Plan to House Disabled Men in Luxe Condos Rejected Again
HARLEM — They said they'd reconsider their opposition, but a Central Harlem community board has voted against a proposal to house seven developmentally disabled men in its neighborhood.
Community Board 10 voted Wednesday against letting the non-profit Community Options buy luxury condos on Lenox Avenue to convert into group homes for seven men. The vote was split 11 in favor, 16 against with two abstentions.
The group had wanted to purchase two three bedroom condominiums at Savoy West, located at 555 Lenox Ave for $500,000 each.
After initially rejecting the plan because they felt Central Harlem had enough "special interest" housing facilities, such as drug treatment centers, halfway houses and group homes, Community Options requested a hearing before the commissioner of the state Office for People with Developmental Disabilities.
The hearing process is laid out under Padavan's Law, which passed in the 1970s to help guide the placement of supportive housing after a federal order to deinstitutionalize the developmentally disabled.
But CB 10 cancelled it, saying they wanted to reconsider their opposition and their 2008 moratorium against approving additional "special interest" housing.
The board has said they have nothing against the disabled men or Community Options, but it's concered by what it feels is an oversaturation of similiar facilities in their neighborhood.
Members of Community Options said they expected CB 10's support.
"I'm surprised and dissapointed. That's all I can say," said Eileen Egan, regional vice president for Community Options New York.
CB 10 Chair Henrietta Lyle could not be reached for comment.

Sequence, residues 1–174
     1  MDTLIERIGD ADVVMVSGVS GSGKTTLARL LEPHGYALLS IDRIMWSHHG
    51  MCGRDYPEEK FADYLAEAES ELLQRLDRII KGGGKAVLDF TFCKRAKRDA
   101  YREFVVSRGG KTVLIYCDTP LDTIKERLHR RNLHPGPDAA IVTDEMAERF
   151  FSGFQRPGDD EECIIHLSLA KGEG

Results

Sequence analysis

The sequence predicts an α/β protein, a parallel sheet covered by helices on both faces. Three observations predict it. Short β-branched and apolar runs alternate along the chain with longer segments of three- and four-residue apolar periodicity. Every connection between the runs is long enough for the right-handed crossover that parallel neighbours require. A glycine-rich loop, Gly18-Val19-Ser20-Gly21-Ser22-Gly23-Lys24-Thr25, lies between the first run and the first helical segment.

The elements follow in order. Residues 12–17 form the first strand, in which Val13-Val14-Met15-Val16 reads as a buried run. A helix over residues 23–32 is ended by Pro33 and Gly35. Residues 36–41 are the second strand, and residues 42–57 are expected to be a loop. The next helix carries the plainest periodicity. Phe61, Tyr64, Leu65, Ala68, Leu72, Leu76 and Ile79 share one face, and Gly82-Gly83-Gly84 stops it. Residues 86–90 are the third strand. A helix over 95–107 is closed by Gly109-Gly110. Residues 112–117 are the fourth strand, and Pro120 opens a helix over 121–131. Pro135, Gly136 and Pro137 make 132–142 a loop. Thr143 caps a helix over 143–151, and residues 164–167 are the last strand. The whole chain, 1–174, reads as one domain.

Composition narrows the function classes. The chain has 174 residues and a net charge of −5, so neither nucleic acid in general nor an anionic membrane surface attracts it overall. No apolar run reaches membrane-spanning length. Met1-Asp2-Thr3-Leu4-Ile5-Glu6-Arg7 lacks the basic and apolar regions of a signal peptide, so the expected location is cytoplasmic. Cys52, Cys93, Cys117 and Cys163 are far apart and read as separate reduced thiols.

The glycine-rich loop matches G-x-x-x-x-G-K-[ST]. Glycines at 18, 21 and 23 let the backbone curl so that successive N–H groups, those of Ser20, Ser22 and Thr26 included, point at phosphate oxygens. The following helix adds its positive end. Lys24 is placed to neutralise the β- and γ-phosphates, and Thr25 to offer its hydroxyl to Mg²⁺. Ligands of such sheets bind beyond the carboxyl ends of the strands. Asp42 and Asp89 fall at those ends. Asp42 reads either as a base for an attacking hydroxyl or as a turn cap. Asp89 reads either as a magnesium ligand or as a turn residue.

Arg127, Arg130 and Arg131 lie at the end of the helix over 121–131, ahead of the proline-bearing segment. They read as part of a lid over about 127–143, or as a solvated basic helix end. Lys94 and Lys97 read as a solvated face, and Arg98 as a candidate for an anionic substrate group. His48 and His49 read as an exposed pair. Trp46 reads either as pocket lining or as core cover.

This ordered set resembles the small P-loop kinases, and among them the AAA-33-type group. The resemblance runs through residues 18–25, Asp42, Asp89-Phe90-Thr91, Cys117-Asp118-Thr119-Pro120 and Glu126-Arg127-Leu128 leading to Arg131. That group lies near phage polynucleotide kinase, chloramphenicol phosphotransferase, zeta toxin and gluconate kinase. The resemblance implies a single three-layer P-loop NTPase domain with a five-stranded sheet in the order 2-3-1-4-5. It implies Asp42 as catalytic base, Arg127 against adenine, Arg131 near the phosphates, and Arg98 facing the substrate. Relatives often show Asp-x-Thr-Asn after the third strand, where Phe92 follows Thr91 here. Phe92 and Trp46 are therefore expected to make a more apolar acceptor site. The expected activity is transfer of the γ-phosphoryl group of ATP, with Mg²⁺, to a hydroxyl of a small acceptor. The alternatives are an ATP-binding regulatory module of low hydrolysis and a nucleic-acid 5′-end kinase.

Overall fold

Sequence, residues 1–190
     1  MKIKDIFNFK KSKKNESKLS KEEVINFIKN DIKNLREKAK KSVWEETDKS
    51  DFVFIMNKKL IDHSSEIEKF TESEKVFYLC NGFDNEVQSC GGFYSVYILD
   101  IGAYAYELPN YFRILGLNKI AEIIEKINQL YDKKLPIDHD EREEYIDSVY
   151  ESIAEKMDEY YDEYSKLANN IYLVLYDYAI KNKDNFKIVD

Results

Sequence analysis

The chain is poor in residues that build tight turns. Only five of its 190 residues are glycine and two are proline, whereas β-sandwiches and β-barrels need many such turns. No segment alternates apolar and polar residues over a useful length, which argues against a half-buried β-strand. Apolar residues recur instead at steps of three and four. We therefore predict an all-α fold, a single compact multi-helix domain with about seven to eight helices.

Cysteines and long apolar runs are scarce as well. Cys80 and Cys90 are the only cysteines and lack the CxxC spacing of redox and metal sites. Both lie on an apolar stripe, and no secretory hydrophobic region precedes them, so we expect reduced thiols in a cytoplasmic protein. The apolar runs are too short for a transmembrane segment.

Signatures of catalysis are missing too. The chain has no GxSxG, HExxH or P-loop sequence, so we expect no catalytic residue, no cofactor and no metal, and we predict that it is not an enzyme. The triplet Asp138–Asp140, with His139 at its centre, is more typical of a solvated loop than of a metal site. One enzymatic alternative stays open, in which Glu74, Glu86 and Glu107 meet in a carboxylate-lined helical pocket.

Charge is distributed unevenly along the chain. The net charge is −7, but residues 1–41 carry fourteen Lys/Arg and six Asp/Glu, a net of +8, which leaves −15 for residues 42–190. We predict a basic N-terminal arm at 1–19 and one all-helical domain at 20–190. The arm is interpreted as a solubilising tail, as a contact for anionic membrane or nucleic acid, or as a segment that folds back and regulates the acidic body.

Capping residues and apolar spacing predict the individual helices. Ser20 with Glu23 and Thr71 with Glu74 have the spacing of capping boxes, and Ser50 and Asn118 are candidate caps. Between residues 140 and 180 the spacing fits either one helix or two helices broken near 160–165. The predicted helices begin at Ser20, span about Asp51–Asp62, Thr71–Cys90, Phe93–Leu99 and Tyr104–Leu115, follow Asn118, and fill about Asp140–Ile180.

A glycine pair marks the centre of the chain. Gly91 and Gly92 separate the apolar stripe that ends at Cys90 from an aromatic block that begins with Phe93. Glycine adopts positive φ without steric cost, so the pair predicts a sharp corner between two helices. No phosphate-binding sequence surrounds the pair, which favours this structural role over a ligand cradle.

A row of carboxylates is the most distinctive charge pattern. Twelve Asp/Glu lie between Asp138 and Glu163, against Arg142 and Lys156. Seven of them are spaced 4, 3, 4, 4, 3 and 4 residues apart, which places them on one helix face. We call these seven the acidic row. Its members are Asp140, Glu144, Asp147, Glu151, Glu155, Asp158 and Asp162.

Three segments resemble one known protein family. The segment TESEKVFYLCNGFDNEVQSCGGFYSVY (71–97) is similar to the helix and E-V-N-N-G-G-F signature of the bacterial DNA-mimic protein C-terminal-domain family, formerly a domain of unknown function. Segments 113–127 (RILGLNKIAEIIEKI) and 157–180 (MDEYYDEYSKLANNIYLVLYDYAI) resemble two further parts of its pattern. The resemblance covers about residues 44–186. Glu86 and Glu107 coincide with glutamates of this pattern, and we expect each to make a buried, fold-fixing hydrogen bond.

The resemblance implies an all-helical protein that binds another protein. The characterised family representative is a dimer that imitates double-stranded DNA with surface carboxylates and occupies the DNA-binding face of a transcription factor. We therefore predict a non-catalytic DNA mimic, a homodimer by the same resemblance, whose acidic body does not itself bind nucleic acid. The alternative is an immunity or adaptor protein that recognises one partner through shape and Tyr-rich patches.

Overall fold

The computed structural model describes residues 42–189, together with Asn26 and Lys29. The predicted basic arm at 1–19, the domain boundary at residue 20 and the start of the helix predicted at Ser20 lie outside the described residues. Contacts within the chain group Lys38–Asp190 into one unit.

Egan has said it is an error to group the seven developmentally disabled men, who range in age from 17 to 22, in the same category as methadone clinics, halfway houses or large nursing homes. The young men slated to live in the Lenox Avenue condos do not have criminal records or drug addiction issues.
The men would have been out working or attending special education programs during the day. There would have been three aides on site to assist the men, including at least one 24-hour attendant.
"I think that there are some people that do get it and some people that don't," said Egan.
In addition to an over-saturation of "special interest" housing, the board was also upset that Community Options did not speak to the condominium board before inking the contracts and coming before the board.
Although they are not required to seek approval from the condominium board, CB 10 thought it would have been the neighborly thing to do.
Community Options and Savoy West's sponsor have since met with the board.
Egan said she does not believe there is an over-saturation of housing similar to what they are planning on Lenox Avenue. There are 20 group homes run by the state and non-profits in the zip codes that make up Central Harlem, according to the Office for People with Developmental Disabilities.
Instead, it is the typical "Not in My Backyard" issues that the group faces anywhere they try to place housing, said Egan.
Sponsor Joseph Tahl, a developer who also owns 900 other apartments in Harlem, has said rejecting the plan was discriminatory
"You have this type of supportive housing in every neighborhood in the community," he said.
Egan said she is likely to request another hearing before the state Office for People with Developmental Disabilities, but is still hoping to change the minds of some community board members.
"I hope they will come to meet these young men and embrace them," said Egan.